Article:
Predictive autoscaler calculates the number of VMs needed to achieve your utilization target based on numerous factors, including the following:

  • The predicted future value of the scaling metric
  • The current value of the scaling metric
  • Confidence in past trends, including past variability of the scaling metric
  • The configured application initialization period, also referred to as the cool down period

Based on such factors, the predictive autoscaler scales out your group ahead of anticipated demand.

Comparison of serving VMs with and without predictive autoscaling.

Figure 1. Comparison of serving VMs with and without predictive autoscaling.

In figure 1, the blue line shows a growing demand for VMs. The black line shows the autoscaler's response: more VMs are added. However, for applications with long initialization times, the grey line shows that the added VMs require additional time before they are ready to serve, which can result in not enough serving VMs to meet the demand. With predictive autoscaling enabled, the predicted increase in demand and the long application initialization time are accounted for: the autoscaler responds by adding VMs earlier, resulting in a sufficient number of serving VMs. You can configure how far in advance new instances are added by setting the cool down period.

Real-time usage data

Predictive autoscaler can't determine a pattern for all future changes in usage based on historical data, so it works seamlessly with real-time data, too. For example, an unexpected news event might contribute to a spike in usage that couldn't have been predicted based on history alone. To handle such unpredictable changes in load, the predictive autoscaler responds as follows:

  • It adapts its predictions: Predictions are recalculated constantly, within minutes, so they adjust to incorporate the latest data. The exact timing of adjustments to new patterns depends on, among other things, how repeatable the new pattern is and how large the difference is between the new pattern and past predictions.
  • It yields to real-time data: The autoscaler's recommended number of instances, based on real-time values of the metric, is always sufficient to meet the group's target utilization. If the current value of a real-time signal is greater than the prediction, the current value of the signal takes priority over the prediction. As a result, MIGs that have predictive autoscaling enabled always have more availability than MIGs that don't.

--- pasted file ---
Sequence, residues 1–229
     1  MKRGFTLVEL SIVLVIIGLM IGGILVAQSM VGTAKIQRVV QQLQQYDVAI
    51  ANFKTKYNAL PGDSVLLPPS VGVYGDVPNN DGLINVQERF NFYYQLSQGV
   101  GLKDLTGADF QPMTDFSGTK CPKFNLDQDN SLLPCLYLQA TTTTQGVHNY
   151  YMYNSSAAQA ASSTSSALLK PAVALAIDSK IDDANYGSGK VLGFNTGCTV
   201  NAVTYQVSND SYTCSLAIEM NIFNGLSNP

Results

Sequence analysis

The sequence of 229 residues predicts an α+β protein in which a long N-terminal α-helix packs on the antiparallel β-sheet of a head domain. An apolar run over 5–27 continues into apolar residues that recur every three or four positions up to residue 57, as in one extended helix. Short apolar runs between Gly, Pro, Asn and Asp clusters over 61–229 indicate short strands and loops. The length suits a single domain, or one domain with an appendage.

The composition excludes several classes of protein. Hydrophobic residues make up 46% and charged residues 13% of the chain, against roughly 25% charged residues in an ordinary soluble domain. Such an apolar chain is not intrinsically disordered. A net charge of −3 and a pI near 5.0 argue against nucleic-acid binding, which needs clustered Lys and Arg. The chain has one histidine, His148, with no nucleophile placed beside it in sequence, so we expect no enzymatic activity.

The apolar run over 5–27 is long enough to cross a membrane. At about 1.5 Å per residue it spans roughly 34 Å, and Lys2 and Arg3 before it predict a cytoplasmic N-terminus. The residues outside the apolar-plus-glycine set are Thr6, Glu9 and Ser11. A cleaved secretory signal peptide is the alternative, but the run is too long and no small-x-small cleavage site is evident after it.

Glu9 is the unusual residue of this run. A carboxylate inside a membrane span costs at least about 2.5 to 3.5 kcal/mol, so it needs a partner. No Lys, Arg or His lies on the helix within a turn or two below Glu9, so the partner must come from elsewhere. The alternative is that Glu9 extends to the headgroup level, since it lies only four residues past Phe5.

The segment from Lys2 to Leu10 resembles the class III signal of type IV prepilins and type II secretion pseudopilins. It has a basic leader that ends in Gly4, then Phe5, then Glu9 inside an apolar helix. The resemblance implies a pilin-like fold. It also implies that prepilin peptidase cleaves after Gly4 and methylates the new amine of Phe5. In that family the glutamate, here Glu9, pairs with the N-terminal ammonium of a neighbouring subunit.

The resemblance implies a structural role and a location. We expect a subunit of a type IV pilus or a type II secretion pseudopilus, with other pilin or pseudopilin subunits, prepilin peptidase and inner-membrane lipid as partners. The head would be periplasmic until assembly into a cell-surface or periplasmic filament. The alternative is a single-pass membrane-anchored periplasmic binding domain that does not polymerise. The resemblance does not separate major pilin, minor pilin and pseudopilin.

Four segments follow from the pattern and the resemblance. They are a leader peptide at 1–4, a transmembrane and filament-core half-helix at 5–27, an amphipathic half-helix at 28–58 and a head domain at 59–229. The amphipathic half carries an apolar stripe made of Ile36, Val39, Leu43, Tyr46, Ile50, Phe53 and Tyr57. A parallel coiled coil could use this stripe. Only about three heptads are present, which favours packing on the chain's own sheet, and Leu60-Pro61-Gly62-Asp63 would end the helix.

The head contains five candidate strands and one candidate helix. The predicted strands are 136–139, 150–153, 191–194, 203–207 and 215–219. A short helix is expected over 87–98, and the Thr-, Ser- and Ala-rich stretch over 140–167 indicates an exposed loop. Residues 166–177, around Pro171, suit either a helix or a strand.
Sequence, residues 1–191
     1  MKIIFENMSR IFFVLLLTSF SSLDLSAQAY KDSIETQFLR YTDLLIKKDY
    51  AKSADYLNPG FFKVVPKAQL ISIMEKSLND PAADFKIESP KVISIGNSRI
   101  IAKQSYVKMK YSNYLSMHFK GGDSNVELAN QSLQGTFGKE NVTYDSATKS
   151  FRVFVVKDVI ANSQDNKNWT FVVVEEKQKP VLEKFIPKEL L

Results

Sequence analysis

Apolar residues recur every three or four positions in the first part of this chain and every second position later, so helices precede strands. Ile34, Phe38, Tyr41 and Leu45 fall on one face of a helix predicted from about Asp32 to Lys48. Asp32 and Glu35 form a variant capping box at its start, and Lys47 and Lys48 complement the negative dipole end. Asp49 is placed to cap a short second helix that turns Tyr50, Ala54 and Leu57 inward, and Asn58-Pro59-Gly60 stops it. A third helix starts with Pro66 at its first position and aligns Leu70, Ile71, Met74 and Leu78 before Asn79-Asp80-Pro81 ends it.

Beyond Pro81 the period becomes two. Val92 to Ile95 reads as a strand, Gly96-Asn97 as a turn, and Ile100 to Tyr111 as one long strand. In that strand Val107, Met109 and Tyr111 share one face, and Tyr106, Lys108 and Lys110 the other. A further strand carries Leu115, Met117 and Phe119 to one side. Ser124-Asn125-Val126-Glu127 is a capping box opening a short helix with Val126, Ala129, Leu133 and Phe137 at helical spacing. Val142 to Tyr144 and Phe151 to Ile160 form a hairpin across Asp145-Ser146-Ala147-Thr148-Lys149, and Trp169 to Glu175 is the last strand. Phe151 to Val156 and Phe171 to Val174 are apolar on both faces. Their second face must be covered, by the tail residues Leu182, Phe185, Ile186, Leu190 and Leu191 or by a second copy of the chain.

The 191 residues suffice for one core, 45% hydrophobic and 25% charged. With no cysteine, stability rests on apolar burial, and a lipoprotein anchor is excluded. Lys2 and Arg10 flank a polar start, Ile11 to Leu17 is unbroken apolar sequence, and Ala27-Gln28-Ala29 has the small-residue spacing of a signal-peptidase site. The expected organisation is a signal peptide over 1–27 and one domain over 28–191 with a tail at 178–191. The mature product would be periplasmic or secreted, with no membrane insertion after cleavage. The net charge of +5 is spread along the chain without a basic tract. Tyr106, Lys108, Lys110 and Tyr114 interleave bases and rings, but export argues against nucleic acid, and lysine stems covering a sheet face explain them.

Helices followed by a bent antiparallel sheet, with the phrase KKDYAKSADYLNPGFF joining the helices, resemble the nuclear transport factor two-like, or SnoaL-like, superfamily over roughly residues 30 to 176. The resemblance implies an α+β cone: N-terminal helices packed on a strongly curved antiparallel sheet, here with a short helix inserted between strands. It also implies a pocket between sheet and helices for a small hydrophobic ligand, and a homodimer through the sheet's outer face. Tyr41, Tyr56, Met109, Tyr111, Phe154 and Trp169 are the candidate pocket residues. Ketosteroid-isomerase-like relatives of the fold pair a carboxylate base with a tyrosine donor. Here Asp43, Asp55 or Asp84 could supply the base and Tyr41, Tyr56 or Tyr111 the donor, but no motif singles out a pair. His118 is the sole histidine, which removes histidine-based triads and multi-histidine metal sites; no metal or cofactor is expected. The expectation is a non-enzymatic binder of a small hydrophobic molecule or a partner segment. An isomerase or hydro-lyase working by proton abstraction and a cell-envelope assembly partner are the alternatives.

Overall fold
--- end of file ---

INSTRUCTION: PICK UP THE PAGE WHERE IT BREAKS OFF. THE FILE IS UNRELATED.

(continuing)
Two charts show how predictions adapt to actual CPU usage.

Figure 2. Two charts show how predictions adapt to actual CPU usage.

In figure 2, the dotted yellow line shows the prediction at t1. But the actual CPU usage, as shown by the solid blue line, is different than predicted. On the left chart, the actual CPU usage is higher than predicted. On the right chart, the actual CPU usage is lower than predicted. The dotted blue line shows the adjusted prediction.

Short, unpredictable spikes

Short, unpredictable peaks are covered in real time. The autoscaler creates at least as many instances as needed to keep utilization at the configured target, based on the current actual value of the metric. However, these instances aren't created in advance, as shown in the following figure.

A short, unpredictable spike causes the autoscaler to react in real time.

Figure 3. A short, unpredictable spike causes the autoscaler to react in real time.

In figure 3, the solid blue line shows actual CPU usage. An unexpected spike in CPU usage could not be predicted. Because the autoscaler always monitors real-time data, it adds instances to accommodate the spike. The solid black line illustrates the autoscaler's reactive addition of VMs in response to the spike. The solid grey line shows the number of serving VMs. The grey line lags behind the black line due to the application's initialization time. In this scenario, the group is temporarily overloaded.

Sudden dips

Another type of unpredictable change in usage is a sudden dip, for example, a dip caused by a failure in part of the application stack. When that happens, the number of instances initially follows the forecast. However, over time, the forecast adjusts to the lower-than-forecasted usage, resulting in a scale-in. The exact timing of this adjustment depends on numerous factors, including: how often the pattern occurred in the past, how long the dip lasts, and how deep the dip is.

A sudden dip causes the predictive autoscaler to change its forecast.

Figure 4. A sudden dip causes the predictive autoscaler to change its forecast.

In figure 4, the dotted yellow line shows the prediction at t1. But the actual CPU usage, as shown by the solid blue line, fell lower than predicted. The dotted blue line shows the updated prediction, which was automatically adjusted after observing lower-than-forecasted usage. This results in the autoscaler removing instances following the standard stabilization period.

Historical data

Predictive autoscaler needs at least 3 days of historical load to start forecasting. If you have a new MIG that lacks historical data, Compute Engine scales your group reactively using real-time data until sufficient historical data becomes available. After 3 days, as Compute Engine collects additional usage data, the predictions improve.

If you update your application by creating a new MIG and deleting the old one—for example, a blue-green deployment—then your new MIG needs 3 days of historical load data before predictive autoscaling can start generating forecasts again. If you want to preserve load history across MIGs so that forecasts can start immediately when you create a new MIG, contact us to request instructions to join a private preview.